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Alleged sexual assault at Dunkin’ Donuts raises questions

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By Adrian Walker

Globe Columnist

Regina had been working at a Dunkin' Donuts in Norwood for less than two weeks when she reported for her shift Dec. 6.

It was a Sunday afternoon, and the Patriots were playing. Customers were sparse at first, then nonexistent, as she went about making sandwiches.

Regina says her shift supervisor, Wayne Sullivan, invited her out into the parking lot, where he coaxed her into taking a few sips of malt liquor. Then, she says, he began to fondle her — despite her insistent pleas to stop. Over her clothes first and then underneath them.

Eventually, Regina says, he dragged her into a walk-in refrigerator, and raped her.


A cellphone video, that she says she took during the assault, shows no faces. But it captures a female voice screaming "No, no, no, no," while a male voice crudely demands that she submit to sex. The video is referred to in the Norwood Police Department's report on Regina's account of the incident, and I've seen it.

Regina speaks softly, almost as if in shock, as she recalls the assault that has turned her world upside down: "I kept telling him to stop, but he didn't."

The attack ended, she says, when a customer pulled into the drive-through. That gave her a chance to run out of the refrigerator and lock herself in a bathroom, where she texted a friend, who called police. Sullivan was arrested and charged with rape. He was arraigned the following day in Dedham District Court, and he pleaded not guilty.

As disturbing as the incident itself was, the reaction of her employers was also upsetting. A store manager who knew about the assault, she says, texted to ask if she was available to work the following day.

"They wanted to put her right back in the environment where she was raped," said her attorney, Ernst Guerrier. "They've offered no support, no medical care, nothing." At Guerrier's insistence, she has refused to return to work since the day after the assault.


Guerrier maintains that the store's owner, Carlos Andrade, has taken no steps to provide a safe working environment for his employees, or even to express basic sympathy. Andrade, holds 43 Dunkin' Donuts franchises, according to his company's website; his family owns hundreds more.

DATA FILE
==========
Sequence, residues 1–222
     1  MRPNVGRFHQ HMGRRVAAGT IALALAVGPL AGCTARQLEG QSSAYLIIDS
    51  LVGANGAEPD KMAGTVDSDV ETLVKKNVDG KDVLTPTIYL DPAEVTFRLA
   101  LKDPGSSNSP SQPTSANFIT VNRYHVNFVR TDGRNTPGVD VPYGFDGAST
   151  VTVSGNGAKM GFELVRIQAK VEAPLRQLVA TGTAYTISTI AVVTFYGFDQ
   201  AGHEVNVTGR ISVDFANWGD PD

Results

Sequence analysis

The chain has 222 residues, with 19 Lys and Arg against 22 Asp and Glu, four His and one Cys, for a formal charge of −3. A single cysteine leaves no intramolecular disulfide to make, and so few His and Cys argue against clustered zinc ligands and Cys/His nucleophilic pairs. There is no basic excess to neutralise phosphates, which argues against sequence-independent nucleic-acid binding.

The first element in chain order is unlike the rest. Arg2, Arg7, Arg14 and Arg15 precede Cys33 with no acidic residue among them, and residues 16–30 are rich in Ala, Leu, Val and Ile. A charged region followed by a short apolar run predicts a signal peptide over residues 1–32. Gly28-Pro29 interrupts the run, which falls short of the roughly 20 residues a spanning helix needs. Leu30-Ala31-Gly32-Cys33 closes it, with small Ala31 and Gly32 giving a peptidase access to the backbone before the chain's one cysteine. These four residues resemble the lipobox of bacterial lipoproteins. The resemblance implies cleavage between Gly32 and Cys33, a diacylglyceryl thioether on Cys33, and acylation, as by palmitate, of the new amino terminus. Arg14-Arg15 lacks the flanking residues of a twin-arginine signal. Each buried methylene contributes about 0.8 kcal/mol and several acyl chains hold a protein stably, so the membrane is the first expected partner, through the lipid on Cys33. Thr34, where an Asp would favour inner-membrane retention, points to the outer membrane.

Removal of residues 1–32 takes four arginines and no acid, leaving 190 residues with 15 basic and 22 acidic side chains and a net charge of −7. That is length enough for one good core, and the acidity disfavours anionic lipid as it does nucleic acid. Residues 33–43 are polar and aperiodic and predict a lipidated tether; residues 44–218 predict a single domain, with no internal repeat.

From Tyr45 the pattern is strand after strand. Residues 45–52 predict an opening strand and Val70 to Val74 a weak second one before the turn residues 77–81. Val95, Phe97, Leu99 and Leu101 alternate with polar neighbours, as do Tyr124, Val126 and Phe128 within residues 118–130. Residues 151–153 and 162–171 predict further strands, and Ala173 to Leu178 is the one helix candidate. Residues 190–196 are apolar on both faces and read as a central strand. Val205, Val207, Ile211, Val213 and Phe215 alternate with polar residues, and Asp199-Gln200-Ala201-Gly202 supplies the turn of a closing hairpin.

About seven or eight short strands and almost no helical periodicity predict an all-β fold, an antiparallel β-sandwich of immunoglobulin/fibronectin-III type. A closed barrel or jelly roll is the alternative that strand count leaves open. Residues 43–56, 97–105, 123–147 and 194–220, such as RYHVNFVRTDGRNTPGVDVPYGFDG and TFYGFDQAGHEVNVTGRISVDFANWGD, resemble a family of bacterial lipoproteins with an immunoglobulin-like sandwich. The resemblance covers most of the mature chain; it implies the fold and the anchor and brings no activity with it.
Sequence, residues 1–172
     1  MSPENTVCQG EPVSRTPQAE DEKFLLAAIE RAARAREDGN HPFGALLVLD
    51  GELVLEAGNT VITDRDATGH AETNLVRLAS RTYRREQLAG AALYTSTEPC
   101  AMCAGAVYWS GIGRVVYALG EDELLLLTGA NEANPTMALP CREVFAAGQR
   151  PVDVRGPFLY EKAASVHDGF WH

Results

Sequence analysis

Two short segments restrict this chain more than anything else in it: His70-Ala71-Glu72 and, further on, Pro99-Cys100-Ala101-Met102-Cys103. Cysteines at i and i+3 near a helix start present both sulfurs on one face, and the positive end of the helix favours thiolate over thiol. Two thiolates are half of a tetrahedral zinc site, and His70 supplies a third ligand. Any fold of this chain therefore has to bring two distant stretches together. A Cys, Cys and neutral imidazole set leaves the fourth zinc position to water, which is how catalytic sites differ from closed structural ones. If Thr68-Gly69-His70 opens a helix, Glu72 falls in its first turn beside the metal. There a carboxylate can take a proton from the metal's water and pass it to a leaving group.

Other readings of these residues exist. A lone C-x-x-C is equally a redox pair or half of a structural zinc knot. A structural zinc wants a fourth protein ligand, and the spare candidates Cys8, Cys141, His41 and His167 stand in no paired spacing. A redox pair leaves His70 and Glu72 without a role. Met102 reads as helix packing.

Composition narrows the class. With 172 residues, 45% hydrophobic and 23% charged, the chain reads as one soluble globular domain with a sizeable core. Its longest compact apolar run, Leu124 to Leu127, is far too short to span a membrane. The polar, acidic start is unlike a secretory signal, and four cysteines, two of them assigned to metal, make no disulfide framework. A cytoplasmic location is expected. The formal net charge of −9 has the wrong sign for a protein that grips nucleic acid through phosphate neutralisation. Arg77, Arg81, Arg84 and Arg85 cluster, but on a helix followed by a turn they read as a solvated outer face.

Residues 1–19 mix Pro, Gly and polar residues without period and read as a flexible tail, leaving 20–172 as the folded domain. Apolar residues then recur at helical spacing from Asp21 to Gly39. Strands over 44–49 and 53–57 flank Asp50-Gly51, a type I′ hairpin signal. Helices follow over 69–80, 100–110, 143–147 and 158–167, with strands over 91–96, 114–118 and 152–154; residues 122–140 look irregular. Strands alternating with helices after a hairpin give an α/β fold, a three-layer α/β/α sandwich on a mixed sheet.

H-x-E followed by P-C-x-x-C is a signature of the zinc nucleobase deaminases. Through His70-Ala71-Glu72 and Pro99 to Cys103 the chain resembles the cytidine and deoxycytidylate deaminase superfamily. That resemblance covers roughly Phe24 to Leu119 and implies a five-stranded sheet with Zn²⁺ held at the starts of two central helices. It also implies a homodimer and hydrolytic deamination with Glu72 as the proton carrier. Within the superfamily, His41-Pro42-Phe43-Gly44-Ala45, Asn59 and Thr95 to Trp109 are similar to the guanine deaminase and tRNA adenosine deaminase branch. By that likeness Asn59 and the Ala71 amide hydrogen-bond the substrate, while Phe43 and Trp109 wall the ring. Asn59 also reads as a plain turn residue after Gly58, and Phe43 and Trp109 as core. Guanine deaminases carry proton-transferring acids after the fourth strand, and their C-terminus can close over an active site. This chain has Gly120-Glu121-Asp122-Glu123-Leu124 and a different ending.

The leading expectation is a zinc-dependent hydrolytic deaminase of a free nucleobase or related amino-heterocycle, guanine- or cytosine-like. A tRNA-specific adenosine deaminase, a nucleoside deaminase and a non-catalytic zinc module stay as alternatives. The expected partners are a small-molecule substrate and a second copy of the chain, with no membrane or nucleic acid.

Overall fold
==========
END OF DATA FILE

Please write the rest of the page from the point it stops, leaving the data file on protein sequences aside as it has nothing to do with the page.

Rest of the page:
I tried to speak to Andrade, who referred my request to a Dunkin' Donuts spokesman. The Canton-based company responded with a statement saying staff safety is its top priority.

"The franchisee who owns and operates this location informs us he is cooperating fully with the police investigating this incident," said Dunkin' Donuts spokesman Justin Drake. "We understand the suspect has been turned in to local authorities." Further questions were directed to police.

Sullivan, the alleged assailant, has not yet been indicted. That incenses Guerrier, who insists that the evidence supports additional charges and much higher bail. He also believes that Dunkin' Donuts does too little to screen employees. Sullivan had numerous prior arrests, including one in 2014 involving enticing a child into sex. He was put on probation after that case was continued without a finding, and remained so when the attack on Regina occurred.

Certainly, Sullivan's actions are, at this point, only alleged. But the chilling description of the events that day and the words attributed to him on the cellphone video raise serious questions about employee safety. The owner of the store should be held to account. And Dunkin' Donuts should do far more to aid this victim and hold its franchise owners accountable for what happens in their stores, regardless of the business relationship.


There's a strong argument that Regina has been victimized twice — by her supervisor and by corporate indifference. She barely looks up as she explains why it haunts her.

"Honestly, I just feel like if it could happen to me, it could happen to anyone."

Adrian Walker is a Globe columnist. He can be reached at walker@globe.com. Follow him on Twitter @Adrian_Walker.